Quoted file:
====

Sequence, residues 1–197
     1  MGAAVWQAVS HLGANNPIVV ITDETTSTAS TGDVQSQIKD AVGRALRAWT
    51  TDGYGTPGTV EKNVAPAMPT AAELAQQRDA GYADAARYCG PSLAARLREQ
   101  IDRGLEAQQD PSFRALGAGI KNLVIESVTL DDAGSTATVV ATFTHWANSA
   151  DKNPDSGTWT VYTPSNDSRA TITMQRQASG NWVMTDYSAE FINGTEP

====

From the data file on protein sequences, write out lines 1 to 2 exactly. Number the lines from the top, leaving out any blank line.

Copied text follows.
Sequence, residues 1–197
     1  MGAAVWQAVS HLGANNPIVV ITDETTSTAS TGDVQSQIKD AVGRALRAWT